I’ve been very perplexed by this Florida fossil whether it’s a coral or sponge, but my sense of curiosity doesn’t give up easily. Follow along as I come to a conclusion as to its identity. To begin with, the mystery fossil possesses meandering ridges resembling the various types of brain corals, yet it is dotted with numerous protruding openings very much like the encrusting sponge species below, also in Florida.
The problem with the encrusting type of sponge is that they cover hard surfaces much the same way in which moss covers the ground. I don’t know if this type of sponge, with its unique growth pattern, would break loose and end up on a beach where my mother-in-law, Winkie, picked it up in Florida during the 70’s and 80’s.
If you’ll notice, the “rose brain coral” above has a few pitted holes like the mystery fossil but not nearly as many; and if you’ll also notice, the “pink lumpy sponge” to the right possesses a pattern of ridges, but only sort of like the mystery fossil. Hmmmm . . . a point I’d like to make for a second here, is how this demonstrates what fossil hunters do. They learn to observe things with a keener eye in order to identify their findings. Anyway, we’ve concluded our mystery fossil has similar characteristics as the above corals and sponges, but not exactly the same as any of them.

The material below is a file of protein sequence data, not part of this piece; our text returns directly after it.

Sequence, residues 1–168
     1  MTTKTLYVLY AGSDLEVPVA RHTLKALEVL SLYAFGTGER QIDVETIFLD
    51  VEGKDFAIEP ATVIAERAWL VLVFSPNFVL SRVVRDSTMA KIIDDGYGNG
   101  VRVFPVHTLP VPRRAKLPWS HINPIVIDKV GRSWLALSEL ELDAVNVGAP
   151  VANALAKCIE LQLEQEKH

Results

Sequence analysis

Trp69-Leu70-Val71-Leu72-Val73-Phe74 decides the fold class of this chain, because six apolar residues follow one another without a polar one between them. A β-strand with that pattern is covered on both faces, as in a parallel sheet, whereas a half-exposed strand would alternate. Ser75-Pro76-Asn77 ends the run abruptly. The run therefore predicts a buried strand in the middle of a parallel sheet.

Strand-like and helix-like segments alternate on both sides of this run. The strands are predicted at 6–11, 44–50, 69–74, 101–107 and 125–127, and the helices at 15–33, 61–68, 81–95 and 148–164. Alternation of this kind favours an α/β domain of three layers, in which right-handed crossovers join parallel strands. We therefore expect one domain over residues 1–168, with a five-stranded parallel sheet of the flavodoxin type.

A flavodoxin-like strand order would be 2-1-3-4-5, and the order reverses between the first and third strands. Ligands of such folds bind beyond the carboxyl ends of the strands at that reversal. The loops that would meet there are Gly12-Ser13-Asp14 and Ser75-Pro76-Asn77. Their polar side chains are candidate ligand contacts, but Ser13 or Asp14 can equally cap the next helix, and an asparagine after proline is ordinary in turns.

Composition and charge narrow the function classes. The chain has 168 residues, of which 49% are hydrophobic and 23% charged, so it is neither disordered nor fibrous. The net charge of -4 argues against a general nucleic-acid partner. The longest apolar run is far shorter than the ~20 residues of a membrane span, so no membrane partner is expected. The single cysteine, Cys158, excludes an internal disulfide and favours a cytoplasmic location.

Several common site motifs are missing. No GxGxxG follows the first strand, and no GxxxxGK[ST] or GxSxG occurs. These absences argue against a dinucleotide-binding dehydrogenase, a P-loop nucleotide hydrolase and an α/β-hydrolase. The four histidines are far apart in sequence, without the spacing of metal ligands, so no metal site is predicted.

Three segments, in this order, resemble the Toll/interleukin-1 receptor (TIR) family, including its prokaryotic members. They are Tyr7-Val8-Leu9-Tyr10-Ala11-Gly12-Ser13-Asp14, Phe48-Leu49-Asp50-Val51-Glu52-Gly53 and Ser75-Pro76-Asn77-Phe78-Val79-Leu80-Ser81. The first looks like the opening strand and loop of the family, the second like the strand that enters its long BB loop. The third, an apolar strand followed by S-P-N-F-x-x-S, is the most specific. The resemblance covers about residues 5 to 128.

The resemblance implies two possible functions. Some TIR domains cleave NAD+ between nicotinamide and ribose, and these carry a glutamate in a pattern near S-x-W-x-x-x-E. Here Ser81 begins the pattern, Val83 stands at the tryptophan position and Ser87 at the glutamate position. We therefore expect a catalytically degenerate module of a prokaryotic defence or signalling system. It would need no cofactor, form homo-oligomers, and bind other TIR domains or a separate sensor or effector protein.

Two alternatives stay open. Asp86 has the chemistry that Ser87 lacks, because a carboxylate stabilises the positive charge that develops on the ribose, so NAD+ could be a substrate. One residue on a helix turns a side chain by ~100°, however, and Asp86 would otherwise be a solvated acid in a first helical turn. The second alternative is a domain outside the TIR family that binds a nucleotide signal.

We’re on the bloodhound trail, let’s continue observing. On the one hand, the mystery fossil is quite lighter and airier compared to the other Florida corals in my collection and it has more openings visible on all sides which leads me to think it could be a sponge. But, the patterns of ridges, plus the color, shape, and texture is quite similar to the other corals from the collection.
So, if the mystery fossil, on most levels, appears to be a coral with the one exception of the deeply pitted holes, what could have caused those holes and why so many? Observe the Christmas tree tube worm image above. The tube worms have completely covered the top of a coral. Could they have made the holes in question? I’ve decided not because the openings on the mystery coral look quite different from the tube worm burrowing on the clam fossil above. I’m no expert, but I decided the mystery fossil is a type of coral, likely related to the brain corals. Feel free to disagree in the comments if you know of think otherwise.
Check out the tube worms link to the right listed under CLASSIFICATIONS to learn more about them and how they can actually be quite pretty.